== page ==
CHERYL MUSGRAVE TO BE HONORED AS 2015 “OUTSTANDING COMMUNITY SERVICE” AWARD WINNER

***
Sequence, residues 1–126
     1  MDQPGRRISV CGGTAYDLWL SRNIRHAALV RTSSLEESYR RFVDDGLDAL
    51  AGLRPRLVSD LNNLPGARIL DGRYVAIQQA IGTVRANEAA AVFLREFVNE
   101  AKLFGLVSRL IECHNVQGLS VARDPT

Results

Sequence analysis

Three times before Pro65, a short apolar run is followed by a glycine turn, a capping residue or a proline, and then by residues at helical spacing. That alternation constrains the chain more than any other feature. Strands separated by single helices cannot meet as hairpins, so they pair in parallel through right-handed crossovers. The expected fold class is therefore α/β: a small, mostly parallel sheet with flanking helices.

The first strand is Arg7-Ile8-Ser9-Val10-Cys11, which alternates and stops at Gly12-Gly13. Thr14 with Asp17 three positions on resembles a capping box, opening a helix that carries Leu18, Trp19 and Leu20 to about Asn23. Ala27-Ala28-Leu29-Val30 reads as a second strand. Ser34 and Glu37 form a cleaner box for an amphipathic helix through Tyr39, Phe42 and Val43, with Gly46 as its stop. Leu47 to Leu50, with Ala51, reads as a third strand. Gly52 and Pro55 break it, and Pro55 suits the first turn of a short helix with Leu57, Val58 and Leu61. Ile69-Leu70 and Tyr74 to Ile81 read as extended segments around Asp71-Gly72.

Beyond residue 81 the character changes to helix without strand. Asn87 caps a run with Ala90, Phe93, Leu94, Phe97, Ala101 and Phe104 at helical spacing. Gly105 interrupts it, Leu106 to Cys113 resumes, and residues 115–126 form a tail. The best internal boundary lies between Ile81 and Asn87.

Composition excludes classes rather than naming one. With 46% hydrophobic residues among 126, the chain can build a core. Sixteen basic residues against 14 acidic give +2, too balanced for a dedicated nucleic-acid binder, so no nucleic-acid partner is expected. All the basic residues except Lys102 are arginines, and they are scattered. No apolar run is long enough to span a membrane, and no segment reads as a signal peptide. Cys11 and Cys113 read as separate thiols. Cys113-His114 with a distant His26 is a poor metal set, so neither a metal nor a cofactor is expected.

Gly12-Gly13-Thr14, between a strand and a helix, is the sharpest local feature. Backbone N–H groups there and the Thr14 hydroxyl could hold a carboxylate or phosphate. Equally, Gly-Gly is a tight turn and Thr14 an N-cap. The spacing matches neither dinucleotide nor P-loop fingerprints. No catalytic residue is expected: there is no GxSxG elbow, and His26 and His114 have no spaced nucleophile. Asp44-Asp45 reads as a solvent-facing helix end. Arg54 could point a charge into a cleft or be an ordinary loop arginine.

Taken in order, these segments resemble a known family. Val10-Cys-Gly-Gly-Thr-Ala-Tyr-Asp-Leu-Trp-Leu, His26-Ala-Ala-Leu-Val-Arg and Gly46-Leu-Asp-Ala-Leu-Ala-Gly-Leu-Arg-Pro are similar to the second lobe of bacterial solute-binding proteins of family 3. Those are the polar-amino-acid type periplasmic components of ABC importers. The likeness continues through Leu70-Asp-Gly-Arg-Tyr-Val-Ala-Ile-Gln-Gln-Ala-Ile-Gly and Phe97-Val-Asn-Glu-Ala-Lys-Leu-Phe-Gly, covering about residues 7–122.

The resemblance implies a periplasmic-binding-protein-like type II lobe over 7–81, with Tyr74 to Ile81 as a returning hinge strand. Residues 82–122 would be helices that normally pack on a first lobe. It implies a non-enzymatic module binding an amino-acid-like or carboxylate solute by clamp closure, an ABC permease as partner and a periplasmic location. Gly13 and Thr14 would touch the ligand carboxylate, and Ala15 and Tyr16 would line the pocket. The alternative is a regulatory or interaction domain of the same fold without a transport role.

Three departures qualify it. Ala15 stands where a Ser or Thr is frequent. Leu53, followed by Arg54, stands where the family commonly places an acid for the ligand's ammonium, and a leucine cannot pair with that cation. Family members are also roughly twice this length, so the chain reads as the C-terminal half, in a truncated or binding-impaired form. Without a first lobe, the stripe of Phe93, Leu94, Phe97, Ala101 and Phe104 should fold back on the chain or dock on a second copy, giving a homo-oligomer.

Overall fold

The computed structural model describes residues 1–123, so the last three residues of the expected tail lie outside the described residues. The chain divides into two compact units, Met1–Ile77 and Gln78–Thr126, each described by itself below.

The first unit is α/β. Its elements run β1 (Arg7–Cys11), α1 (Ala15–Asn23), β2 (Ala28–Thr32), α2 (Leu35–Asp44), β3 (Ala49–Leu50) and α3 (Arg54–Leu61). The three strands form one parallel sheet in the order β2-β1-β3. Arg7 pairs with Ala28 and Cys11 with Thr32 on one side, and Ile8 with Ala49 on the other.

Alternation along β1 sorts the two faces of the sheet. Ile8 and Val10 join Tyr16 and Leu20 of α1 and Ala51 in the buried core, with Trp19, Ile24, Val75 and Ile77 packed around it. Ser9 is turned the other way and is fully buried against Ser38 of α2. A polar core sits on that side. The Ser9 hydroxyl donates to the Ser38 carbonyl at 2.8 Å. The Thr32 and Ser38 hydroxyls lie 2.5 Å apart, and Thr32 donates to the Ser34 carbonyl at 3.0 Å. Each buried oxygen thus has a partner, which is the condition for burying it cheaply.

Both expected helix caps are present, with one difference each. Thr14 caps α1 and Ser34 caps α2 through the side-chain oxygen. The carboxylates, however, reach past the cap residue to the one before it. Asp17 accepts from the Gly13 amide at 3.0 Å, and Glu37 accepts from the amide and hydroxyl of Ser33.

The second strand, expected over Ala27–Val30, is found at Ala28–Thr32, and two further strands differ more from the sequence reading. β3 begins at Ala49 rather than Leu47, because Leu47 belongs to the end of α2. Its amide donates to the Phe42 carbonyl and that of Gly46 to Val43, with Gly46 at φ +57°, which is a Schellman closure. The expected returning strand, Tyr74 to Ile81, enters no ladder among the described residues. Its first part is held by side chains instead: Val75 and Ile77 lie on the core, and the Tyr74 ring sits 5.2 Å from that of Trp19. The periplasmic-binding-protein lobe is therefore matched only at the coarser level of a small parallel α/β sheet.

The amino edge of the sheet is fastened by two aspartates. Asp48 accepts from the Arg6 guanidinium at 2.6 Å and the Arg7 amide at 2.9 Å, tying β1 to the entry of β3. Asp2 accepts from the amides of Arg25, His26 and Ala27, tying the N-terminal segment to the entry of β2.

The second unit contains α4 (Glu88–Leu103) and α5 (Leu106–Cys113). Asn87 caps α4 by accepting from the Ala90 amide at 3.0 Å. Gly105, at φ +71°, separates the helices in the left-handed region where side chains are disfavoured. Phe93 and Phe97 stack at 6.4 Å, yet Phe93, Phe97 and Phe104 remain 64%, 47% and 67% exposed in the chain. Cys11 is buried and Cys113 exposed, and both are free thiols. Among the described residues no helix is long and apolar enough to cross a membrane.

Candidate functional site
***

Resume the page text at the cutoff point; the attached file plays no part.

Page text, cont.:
first_img The City-County Observer is excited to announce that CHERYL MUSGRAVE has been selected  as our final CCO “OUTSTANDING COMMUNITY SERVICE AWARD” wInner for 2015.This years awards luncheon will be held at Tropicana-Evansville Walnut rooms A and B. The registration begin at 11:30 am, the event officially starts at 12 noon on October 26, 2015. Reservations for this event may be obtain by calling Mollie Drake Schreiber at 812-760-4233 or e-email her at [email protected] Deadline for registration is October 15, 2014. Last years event was a sellout.The “Outstanding Community Services Award” winners for 2015 are: Vanderburgh County Commissioner Joe Kifer, well respected local Attorney Joe Harrison, Jr, Indiana State Auditor Suzanne Crouch and former Vanderburgh County Sheriff and 8th District Congressmen Brad Ellsworth, Dr. Dan Adams, Dr Steven Becker MD, Tracy Zeller and Holly Dunn.The City County Observer is proud to announce  our final Cheryl Musgrave as a 2015 Mole Award Winner for “Good Public Policy”.  Musgrave currently sits on the Vanderburgh County Board of Zoning Appeals, is a Commissioner on the Evansville Redevelopment Commission,  and was recently given credit by State Representative Gail Riecken for the idea of tying local permit approvals to a business demonstrating it is current on its real property and personal property taxes. Her ability to work with people of every party affiliation has kept her relevant to local government and a lauded decision maker for over twenty years. Her work for the community is done while she also is building her own business in Musgrave Consulting, LLC.Musgrave’s family has long been involved in public service. After her grandfather’s B-17 Bomber crashed during a mission in World War 11 he was a prisoner of war in Nazi Germany. Her father continued the family’s military service as a Sergeant in the United States Air Force, serving on bases in Europe and Alaska during the height of the Cold War. Thereafter her family settled in Greencastle, Indiana, and both of her parents entered politics. Her father served multiple terms on the Putnam County Council and was elected by the body as President. Her mother was elected Township Trustee-Assessor in Putnam County, and as County Chairman of her party.Cheryl married Robert Musgrave, an Evansville  attorney and the United States Bankruptcy Chapter 13 Trustee, in 1979, the year they both graduated from DePauw University.  They moved to Evansville in 1983, and have made their home in the city’s historic Downtown.Musgrave was first elected as the Vanderburgh County Assessor in 1994. When she arrived, the office staff still used typewriters and liquid correction fluid to process their paperwork. She updated and streamlined her office, adopting a hands-on approach to the job of assessing property values. She earned her Level I and Level II assessing certifications from the State of Indiana. She offered her staff nationally recognized training courses as well. Thanks to her improvements, Vanderburgh County was often the first county in the state to complete its reassessment.Musgrave’s understanding of technology resulted in the creation of a website that was the first of its kind. Citizens were given constant access to both property records and sales information. The site went online in 1997, and has significantly altered the real estate industry in Vanderburgh County. Musgrave also took the lead in developing the county’s Geographic Information System an online map used by both the private and public sectors.Cheryl was asked to serve on the Legislative Committee of the Association of Indiana Counties and was Legislative Co-Chairman of the County Assessor Association. Many of her suggestions and innovations have been incorporated into Indiana law.Musgrave was elected Vanderburgh County Commissioner for District Three in 2004, and a year later became President of the Board of Commissioners. She was praised for her efforts to help victims of the Evansville tornado of November 2005 and also for accomplishments in economic development, improved government performance and road projects.She was a member of the 1999-2000 Lugar Series Class.  The Lugar Series selects approximately 20 women annually to participate in a year-long leadership training program.In the summer of 2007, Governor Mitch Daniels appointed Cheryl as Commissioner of the Indiana Department of Local Government Finance in an effort to respond to widespread outrage and protests at local property tax assessment increases. Cheryl reigned in the growth of local governments’ budgets. She also led reforms in consolidating assessing at the county level. During her tenure, the State Legislature through a series of public referenda eliminated all but 13 of the state’s 1,016 township assessors.Musgrave, a Republican, is a long term resident of the City of Evansville and is known for her no nonsense pragmatism when it comes to due diligence regarding the spending of public money. Her public policy background and accomplishments make her well deserving of the CCO “OUTSTANDING COMMUNITY SERVICE AWARD”.FacebookTwitterCopy LinkEmailSharelast_img read more